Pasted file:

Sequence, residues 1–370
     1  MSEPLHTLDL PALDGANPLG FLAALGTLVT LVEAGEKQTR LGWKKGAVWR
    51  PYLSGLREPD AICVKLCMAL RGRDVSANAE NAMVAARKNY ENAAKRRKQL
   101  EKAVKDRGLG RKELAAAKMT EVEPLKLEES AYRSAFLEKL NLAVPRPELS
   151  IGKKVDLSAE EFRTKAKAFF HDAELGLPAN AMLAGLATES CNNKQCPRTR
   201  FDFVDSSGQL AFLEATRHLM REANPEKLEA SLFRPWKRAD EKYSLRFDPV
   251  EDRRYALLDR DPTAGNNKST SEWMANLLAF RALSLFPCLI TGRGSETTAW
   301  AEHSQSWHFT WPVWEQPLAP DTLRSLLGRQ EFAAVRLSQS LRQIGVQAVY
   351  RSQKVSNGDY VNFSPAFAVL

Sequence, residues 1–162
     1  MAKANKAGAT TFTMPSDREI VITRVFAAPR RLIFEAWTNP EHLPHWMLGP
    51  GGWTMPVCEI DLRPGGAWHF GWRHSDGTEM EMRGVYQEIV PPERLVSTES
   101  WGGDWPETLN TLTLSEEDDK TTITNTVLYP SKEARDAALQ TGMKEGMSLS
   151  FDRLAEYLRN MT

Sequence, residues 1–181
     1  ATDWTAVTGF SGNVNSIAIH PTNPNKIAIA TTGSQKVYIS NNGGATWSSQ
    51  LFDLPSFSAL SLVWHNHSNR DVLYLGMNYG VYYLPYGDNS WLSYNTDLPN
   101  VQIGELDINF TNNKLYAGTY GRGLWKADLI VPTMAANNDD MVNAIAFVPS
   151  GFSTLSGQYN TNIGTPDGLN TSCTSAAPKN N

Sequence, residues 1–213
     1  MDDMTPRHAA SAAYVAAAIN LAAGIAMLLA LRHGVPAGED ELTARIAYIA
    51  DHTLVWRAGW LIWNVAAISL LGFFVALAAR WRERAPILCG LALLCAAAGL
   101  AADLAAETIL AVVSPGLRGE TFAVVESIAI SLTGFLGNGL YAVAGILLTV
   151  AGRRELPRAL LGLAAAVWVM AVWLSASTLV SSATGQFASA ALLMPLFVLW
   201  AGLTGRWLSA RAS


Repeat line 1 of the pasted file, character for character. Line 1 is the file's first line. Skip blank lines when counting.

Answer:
Sequence, residues 1–370